MOSES is an EU Interreg Atlantic Area (AA) transnational co-operation project involving eight partners from five member states of the Atlantic Area. The aim of the project is to measure blue growth for the key marine sectors. Additionally, the project will developed methods to assess the pressures on the environment from each of the key marine sectors. By measuring both blue growth and sectoral pressures, the MOSES project aims to develop marine sectoral toolkits to help move them towards sustainable pathways for the future.
The map produced below is based on the data in Work Package 4 (WP4) which employs the MARNET framework to collect comparable marine socio-economic data on maritime activities in the AA. Each MOSES partner used the same methodology to collect the data for their country. The use of EU standards (e.g. NUTS regions for spatial boundaries) ensures that this data is consistent and replicable. The final outputs of this project will be used to look at changes in economic activity and to assess Blue Growth (BG) in the EU AA. The first map below shows the tonnage of fish landed in each NUTS3 region in the AA in 2015. This is one indicator used to measure marine fishing economic activity (NACE code 03 11).
Using the same database from WP 4, the growth in shipping tonnage handled from 2013-2015 was also estimated and mapped at NUTS3 level for the AA. This is shown in the map below. The indicator used is based on gross weight of all goods handled. Therefore, it accounts for traffic both ways (imports and exports) and is an indicator used to measure sea and coastal freight water transport (NACE code 50 20). The map shows a mixture of both growth and shrinking across the NUTS3 regions. All of the Spanish NUTS3 AA regions showed growth in shipping during this period (12.1% growth). For Portugal, the map shows a mixture of growth and shrinkage at NUTS3 levels. However, overall, the story was one of growth of 10.9% during the period. For the Bay of Biscay NUTS3 regions, most areas saw shrinkage except for the Channel NUTS3 regions of France, which all saw growth. France had a slight shrinkage of goods handled in ports with a growth rate of -1.8%. The French Atlantic region (compared to French Mediterranean) had a larger shrinkage of 3.3% during this period.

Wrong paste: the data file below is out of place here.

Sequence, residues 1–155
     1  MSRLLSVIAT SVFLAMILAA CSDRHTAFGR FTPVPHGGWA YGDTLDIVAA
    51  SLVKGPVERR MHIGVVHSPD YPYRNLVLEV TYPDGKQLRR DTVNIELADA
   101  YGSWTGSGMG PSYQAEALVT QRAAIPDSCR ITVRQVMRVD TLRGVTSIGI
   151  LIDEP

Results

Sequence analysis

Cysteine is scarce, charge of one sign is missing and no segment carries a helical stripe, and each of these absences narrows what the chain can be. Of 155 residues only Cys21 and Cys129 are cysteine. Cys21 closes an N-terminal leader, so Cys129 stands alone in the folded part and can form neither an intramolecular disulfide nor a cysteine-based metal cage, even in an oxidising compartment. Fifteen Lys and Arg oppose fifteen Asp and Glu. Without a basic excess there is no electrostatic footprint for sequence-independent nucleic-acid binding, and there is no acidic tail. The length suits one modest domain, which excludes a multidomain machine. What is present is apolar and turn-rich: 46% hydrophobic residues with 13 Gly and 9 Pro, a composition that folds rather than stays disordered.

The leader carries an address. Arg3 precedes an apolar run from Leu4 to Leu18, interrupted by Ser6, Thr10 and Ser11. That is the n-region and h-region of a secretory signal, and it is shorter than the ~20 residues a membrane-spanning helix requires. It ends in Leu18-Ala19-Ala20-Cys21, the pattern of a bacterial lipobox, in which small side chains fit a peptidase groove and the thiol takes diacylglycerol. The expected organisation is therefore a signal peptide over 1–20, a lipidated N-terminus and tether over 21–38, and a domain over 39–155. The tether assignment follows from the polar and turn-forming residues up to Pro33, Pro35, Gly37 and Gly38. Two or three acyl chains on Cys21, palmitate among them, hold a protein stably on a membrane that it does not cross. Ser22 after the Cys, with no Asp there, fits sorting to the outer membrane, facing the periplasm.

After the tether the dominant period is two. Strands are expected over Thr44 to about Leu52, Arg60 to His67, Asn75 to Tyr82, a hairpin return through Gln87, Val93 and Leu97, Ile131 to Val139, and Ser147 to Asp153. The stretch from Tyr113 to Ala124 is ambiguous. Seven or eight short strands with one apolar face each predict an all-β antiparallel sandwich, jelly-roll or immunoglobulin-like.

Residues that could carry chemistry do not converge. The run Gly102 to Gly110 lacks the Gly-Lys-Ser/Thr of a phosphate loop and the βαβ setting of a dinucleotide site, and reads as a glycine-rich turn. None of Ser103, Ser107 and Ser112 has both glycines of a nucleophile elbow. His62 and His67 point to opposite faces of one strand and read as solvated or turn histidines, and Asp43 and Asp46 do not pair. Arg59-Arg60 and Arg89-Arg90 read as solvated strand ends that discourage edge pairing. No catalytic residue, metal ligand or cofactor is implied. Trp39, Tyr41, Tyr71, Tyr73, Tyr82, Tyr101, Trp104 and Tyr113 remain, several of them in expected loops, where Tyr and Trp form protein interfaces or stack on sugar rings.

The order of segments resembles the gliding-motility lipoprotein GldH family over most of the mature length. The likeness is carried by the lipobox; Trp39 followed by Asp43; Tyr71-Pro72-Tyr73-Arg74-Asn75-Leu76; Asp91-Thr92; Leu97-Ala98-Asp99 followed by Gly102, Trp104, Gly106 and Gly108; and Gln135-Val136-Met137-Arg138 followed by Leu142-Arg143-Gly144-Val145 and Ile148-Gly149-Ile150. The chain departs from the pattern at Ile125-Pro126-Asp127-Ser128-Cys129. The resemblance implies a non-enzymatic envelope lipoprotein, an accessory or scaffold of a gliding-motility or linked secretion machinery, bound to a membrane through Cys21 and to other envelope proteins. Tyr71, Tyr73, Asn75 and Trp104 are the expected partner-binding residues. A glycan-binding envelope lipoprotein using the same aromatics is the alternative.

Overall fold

Looking at the UK and Ireland, two contrasting stories emerge in relation to the growth in shipping tonnage handled. Ireland experienced growth of 8.4% in total, with growth observed in all but one NUTS3 region. The UK experienced a shrinkage of 1.3% but there are regional differences shown by the map with Western and Northern regions experiencing shrinkage while those in the South East saw growth. Overall the story during this period is one of growth for Ireland, Iberia and cross Channel NUTS3 regions, with other regions generally seeing a decrease.
The map above shows the marine share (by area) of Sites of Community Importance (SCI) by each NUTS3 coastal region (updated to 2017). The area of SCI is used as an indicator of protection given to maintaining biodiversity in a region and the marine share indicates how focused this protection is on marine species and habitats for that region. The SCI data was used in Work Package 6 (WP6) to estimate one of the vulnerability vectors (vector four), ‘Protection of coastal areas’. The data is based on the sites protected under the Habitats Directive and the percentage of those protecting coastal and marine habitats based on area. It is noted that the UK SCI marine protected area was extended significantly in 2017 through the Conservation of Offshore Marine Habitats and Species Regulations 2017. Therefore the map above represents a snapshot in time and is not representative of the current state of SCIs as newer SCI areas are continuously being designated as can be seen in Figure 1 below. For more data on SCI’s in the EU see Natura 2000 data - the European network of protected sites.